THE FINANCIAL services industry is undergoing a perfect storm of transformation caused by changes in the regulatory environment, intense competition from fintech startups and increased investments in digital tools by traditional players.
Predicting the future is a tough task and in an industry that’s changing as fast as financial services, that’s even harder, but as we look ahead through 2019, there are some cues we can take from the focus of banks, insurers and asset managers in Thailand and elsewhere in Asia Pacific to revamp their technology for smoother integration with tech giants.
The year ahead should also see financial firms making more use of big data to launch entirely new products and develop more tailored pricing, as well as increase their efforts on digital solutions for small- and medium-sized enterprises (SMEs) and corporate banking. This list is by no means exhaustive, but hopefully it’s a good start to get people excited about 2019. So, here are some of the top trends to keep an eye on this year:
1 Technology upgrades for better integration with digital giants
For established banks and insurers, it’s important to upgrade and elevate their enterprise technology and expertise to the same level of digital sophistication of Internet giants and platform players such as Line in Thailand and Japan, Alibaba in China or Flipkart in India. That will help them achieve breakthrough, more integrated financial services products. Nowadays, for example, you have leading insurance players in India, Singapore and other countries in Asia Pacific selling a number of protection products through e-commerce sites, ride-hailing apps or online travel companies. Banks in Thailand are also partnering with digital giants to make sure they are an integral part of their customers’ daily life. The question every bank and insurance chief information officer should now be asking is: how can I make sure we have the right technology and culture in place so that we can integrate our products and services and be nimble enough to partner with the big tech/digital players?
2 Enhanced pricing with digital tools and wider use of big data
Digitisation will need to move from optimising the overall customer experience to product design, and be more central in developing sophisticated pricing models. Financial services firms should make more use of Big Data for the purpose of pricing, especially for segments where structured data availability is very limited, and particularly where pricing is limited. Having that ready would help banks and insurers develop and offer structured bundled products: think having your car insurance, along with home insurance and a savings account as one offering. In Thailand, for example, we already have insurance companies using tools such as internet of things devices to collect more data in order to provide custom pricing, a trend that should become more prevalent as the technology and know-how around Big Data analytics gets more widespread.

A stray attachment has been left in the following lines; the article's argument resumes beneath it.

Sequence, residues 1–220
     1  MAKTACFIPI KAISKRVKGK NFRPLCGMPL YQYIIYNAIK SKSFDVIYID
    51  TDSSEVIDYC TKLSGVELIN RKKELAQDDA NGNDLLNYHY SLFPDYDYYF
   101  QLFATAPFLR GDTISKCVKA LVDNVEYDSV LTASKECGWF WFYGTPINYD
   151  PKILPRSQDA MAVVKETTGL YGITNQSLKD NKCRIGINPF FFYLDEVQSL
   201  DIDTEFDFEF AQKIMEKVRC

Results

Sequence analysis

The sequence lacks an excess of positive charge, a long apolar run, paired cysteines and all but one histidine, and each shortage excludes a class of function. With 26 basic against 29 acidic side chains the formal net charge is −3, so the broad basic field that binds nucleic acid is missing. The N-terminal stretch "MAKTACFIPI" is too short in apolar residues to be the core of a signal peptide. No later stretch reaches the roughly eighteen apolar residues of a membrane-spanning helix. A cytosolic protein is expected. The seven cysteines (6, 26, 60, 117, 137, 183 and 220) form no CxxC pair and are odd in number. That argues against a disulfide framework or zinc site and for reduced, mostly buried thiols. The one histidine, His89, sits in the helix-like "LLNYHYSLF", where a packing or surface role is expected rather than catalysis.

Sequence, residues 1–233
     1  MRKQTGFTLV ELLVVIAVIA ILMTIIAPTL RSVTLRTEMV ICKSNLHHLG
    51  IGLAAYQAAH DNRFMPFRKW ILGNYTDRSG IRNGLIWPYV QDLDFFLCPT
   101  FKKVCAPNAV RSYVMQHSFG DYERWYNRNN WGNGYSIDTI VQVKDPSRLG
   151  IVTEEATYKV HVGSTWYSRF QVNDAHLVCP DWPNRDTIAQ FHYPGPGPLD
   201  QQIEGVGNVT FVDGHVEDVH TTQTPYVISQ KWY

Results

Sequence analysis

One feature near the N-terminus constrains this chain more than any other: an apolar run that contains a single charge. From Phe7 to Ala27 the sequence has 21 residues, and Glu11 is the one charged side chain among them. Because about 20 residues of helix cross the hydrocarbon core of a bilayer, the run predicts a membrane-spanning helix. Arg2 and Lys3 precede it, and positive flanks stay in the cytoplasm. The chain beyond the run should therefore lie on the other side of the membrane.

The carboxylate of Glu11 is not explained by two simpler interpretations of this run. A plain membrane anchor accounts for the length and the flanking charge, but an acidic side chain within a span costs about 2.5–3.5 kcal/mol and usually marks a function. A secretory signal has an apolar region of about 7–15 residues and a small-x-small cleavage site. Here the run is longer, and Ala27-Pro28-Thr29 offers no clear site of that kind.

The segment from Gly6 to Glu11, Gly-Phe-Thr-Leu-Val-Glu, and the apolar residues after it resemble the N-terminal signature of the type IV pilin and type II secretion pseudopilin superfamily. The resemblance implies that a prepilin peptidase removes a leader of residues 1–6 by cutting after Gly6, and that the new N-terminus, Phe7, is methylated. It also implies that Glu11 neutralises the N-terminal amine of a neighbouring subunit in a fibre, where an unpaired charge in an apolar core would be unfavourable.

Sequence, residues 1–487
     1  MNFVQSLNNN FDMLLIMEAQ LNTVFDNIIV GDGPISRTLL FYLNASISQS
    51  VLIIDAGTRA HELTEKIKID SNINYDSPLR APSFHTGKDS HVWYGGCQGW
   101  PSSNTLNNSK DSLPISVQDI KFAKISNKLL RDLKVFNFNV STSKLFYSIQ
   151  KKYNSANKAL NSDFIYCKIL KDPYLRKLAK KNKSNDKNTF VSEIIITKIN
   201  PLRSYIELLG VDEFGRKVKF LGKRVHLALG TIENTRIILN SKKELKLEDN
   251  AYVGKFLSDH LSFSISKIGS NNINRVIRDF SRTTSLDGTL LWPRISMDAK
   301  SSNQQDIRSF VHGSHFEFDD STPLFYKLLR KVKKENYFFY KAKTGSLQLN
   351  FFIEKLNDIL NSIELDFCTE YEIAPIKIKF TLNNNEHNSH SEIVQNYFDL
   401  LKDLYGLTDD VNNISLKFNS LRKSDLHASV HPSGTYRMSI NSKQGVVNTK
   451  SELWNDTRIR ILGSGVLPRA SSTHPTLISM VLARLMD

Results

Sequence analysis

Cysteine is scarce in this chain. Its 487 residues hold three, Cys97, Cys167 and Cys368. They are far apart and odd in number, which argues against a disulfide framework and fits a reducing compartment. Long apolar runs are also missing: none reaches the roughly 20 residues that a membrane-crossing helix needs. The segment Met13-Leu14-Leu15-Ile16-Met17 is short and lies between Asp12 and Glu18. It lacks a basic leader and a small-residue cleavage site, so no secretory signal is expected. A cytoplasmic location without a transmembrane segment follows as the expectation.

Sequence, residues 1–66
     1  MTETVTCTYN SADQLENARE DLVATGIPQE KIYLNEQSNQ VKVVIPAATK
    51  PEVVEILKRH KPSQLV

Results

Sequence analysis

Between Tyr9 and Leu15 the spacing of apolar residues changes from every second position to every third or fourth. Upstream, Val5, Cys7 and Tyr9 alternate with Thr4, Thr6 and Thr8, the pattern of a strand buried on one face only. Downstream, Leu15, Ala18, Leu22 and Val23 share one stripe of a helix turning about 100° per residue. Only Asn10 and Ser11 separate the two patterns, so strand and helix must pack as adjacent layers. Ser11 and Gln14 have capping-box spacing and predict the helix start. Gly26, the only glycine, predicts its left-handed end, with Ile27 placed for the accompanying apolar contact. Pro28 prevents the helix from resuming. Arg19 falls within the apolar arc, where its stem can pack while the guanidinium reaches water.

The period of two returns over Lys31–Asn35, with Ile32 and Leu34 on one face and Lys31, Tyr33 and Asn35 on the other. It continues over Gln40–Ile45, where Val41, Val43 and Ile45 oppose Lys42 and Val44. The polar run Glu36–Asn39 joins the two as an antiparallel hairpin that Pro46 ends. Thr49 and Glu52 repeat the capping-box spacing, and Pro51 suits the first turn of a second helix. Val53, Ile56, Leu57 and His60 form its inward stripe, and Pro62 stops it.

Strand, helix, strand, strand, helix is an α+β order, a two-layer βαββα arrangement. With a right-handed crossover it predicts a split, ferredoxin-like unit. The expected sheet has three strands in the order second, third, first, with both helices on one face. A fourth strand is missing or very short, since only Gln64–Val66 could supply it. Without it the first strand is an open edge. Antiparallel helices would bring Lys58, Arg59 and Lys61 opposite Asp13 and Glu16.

3 Think small to make it big
There will be a greater focus on small- and medium-sized enterprises (SMEs) in Thailand and other Southeast Asian markets in the coming year, given the macro outlook for greater protectionism and rising nationalism around the world. Financial services firms should heed that call and focus on offering more banking and insurance products to SMEs. But in order to better service that segment they’ll have to use more Big Data for the purpose of underwriting policies, for example. They should also use digital channels for smarter and more efficient distribution of financial products to SMEs, which has been lacking in most countries in the region.
4 Direct-to-consumer links to improve governance pitfalls
In a world with increased scrutiny of conduct by financial service providers, insurance companies and wealth management firms will have to focus on building a more direct relationship with their customers. This would replace an over-reliance on commission-based relationships via agents, as these can be prone to poorer or weaker governance. Digital will be the fastest, most efficient way for financial firms to do that, given the prevalence of smartphones and other devices at the hands of millions of people in the region. Companies will likely begin to sell services and products through their apps directly to consumers, bypassing the middlemen and creating a more agile and efficient business.
5 The evolution of human-assisted “roboadvice”
Fully automated wealth management services and “roboadvice” tools have been all the rage the past years. We will see a much greater level of simplification and digitisation in the area of wealth management, with an increased focus and greater maturity in the area of robo-assisted manual advisers. This hybrid model will combine bid data that financial firms have been building and optimising the past years, with new analytics tools that human advisers can use to create smarter, more nimble and personalised solutions with the human touch that customers want.
Contributed by NONTAWAT POOMCHUSRI, country managing director and head of financial services practice, Accenture in Thailand